“I think 8th Street Market has and is playing several roles related to the redevelopment of the market district,” Anderson says. “The project was ‘early in,’ transforming the view of the neighborhood from a 20th century industrial core to 21st century space for active, social engagement.”

 The market entered planning phases in 2014, and developers broke ground on the property in 2016. Anderson says the 8th Street Market’s success has provided confidence for other businesses to invest in the neighborhood, further revitalizing the district and representing a prime example of how these projects tie into each other and propel the area forward.

 The market’s unique design offers a fun space for all ages, and it stays pretty busy, showing just how big of a hit it is with the locals and others who travel from all over to see it.

 Of course, surrounding all these projects is Bentonville’s network of bike paths and trails that link to the award-winning Razorback Greenway, an off-road, shared-use trail that runs 37.6 miles from Lake Bella Vista north of Bentonville to Walker Park in Fayetteville. Minkel says they’re “instrumental” to increasing pedestrian traffic and revitalizing the area.

 “I think trails will continue to be an important investment,” she says. “The Razorback Greenway was catalytic.”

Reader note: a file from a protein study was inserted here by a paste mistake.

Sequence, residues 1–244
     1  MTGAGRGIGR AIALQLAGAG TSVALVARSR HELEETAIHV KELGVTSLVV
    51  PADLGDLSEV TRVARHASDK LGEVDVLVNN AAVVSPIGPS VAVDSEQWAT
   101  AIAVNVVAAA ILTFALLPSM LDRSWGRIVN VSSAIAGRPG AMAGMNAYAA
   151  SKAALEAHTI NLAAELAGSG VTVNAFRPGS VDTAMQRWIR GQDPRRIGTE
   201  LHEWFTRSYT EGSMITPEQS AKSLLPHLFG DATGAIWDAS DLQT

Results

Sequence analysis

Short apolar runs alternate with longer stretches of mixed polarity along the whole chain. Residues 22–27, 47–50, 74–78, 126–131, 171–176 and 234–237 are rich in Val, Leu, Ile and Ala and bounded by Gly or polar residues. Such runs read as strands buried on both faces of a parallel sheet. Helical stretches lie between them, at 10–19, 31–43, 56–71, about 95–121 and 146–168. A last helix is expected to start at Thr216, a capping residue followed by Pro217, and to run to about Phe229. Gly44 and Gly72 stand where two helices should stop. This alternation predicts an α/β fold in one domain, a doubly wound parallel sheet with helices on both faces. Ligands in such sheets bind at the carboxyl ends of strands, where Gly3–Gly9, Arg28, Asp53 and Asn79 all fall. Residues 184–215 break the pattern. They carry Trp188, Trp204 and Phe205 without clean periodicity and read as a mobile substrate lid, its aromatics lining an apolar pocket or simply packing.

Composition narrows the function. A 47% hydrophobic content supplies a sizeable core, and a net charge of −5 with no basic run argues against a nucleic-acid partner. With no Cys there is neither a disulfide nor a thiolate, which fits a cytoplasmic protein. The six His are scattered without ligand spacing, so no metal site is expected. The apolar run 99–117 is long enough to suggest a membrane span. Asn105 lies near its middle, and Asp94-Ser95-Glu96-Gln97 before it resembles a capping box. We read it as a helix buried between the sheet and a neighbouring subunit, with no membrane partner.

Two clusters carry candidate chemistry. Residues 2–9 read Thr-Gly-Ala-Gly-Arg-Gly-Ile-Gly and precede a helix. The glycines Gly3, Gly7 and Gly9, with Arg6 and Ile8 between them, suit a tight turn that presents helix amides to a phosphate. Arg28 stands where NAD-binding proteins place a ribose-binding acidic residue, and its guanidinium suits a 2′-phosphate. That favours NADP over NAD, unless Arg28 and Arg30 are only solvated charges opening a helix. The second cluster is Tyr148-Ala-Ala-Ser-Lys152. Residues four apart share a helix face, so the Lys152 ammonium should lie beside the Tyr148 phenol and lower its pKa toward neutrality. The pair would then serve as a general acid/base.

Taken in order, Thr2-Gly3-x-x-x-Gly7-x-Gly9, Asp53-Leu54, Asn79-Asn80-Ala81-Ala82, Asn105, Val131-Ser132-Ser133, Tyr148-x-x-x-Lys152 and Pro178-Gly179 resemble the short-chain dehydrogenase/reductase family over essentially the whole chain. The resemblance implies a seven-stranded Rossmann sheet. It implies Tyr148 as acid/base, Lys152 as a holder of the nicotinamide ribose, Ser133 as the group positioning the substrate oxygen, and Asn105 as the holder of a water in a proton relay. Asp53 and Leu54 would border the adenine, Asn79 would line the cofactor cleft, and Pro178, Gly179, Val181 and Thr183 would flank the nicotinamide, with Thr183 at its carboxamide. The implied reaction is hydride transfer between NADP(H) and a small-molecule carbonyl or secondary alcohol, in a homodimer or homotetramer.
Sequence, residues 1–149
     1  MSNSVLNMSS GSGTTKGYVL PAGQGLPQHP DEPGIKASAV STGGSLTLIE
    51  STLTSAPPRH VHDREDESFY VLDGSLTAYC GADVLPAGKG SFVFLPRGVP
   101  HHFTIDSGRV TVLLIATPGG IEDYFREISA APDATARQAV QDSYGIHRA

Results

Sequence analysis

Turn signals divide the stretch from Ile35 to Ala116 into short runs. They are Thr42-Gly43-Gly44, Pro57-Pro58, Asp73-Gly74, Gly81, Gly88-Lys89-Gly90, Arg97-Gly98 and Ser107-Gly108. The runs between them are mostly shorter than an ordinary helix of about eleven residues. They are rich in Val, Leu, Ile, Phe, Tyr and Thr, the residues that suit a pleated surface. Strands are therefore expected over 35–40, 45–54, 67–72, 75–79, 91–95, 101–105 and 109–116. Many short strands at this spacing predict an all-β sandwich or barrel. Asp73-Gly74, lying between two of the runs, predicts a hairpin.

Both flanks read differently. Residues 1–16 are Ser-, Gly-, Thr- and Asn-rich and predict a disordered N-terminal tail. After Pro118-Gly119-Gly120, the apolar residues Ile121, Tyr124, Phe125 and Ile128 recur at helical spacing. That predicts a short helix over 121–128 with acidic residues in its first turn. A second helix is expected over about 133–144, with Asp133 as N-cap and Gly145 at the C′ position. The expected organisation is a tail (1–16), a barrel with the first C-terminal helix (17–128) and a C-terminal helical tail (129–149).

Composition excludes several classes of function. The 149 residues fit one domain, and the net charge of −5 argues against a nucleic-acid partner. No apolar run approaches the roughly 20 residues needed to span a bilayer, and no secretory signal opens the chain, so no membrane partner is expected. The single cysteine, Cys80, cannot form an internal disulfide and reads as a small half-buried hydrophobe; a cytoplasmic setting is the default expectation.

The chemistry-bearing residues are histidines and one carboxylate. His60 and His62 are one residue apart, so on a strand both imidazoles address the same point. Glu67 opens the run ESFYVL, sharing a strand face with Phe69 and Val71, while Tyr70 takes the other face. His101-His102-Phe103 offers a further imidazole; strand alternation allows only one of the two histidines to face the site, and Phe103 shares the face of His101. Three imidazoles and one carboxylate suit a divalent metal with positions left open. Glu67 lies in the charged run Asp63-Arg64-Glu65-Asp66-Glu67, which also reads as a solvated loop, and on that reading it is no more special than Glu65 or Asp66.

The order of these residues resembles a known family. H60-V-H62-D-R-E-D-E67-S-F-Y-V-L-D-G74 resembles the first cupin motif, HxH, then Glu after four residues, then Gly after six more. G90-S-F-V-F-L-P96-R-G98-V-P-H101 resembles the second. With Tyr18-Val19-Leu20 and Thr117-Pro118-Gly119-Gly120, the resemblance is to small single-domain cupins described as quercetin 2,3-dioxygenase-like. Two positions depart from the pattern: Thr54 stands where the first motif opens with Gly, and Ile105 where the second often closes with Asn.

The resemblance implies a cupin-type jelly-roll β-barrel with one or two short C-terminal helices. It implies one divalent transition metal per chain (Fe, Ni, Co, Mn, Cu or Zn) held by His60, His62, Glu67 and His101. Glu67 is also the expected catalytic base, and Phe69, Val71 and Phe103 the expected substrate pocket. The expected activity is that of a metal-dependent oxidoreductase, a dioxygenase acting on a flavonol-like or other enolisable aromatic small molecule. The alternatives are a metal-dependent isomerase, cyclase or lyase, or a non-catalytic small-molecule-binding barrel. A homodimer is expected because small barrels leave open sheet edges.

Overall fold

Trail development also boosts collaboration between different groups because they overlap with municipality plans and can be tied closely with multiple projects which often connect public and private partners.

 Local response to the district’s revitalization has been positive, and data related to it revealing. Minkel says the foundation’s most recent quality-of-life surveys show that 95 percent of residents who responded reported being “very happy” or “fairly happy.” Plus, 72 percent of those who responded rated their overall quality of life as “excellent” or “very good.” This is up from 59 percent in 2012.

 Minkel said the Foundation also looks at trail-use studies. Recent data shows bicycling in Northwest Arkansas provided $137 million in benefits to the economy in 2017, $86 million in health-care related costs and $51 million in business benefits. 

 Expectations for amenities are typically set by partners, according to Minkel. For example, the Scott Family Amazeum sets attendance goals and has exceeded them in multiple years.

 Current redevelopment of the Market District has galvanized residents and visitors to visit the area, to shop, eat and take advantage of resources — be they recreational, educational or vocational.

 Possibility is palpable in Northwest Arkansas, Minkel says she once was told.

 “And that’s what I feel,” she says.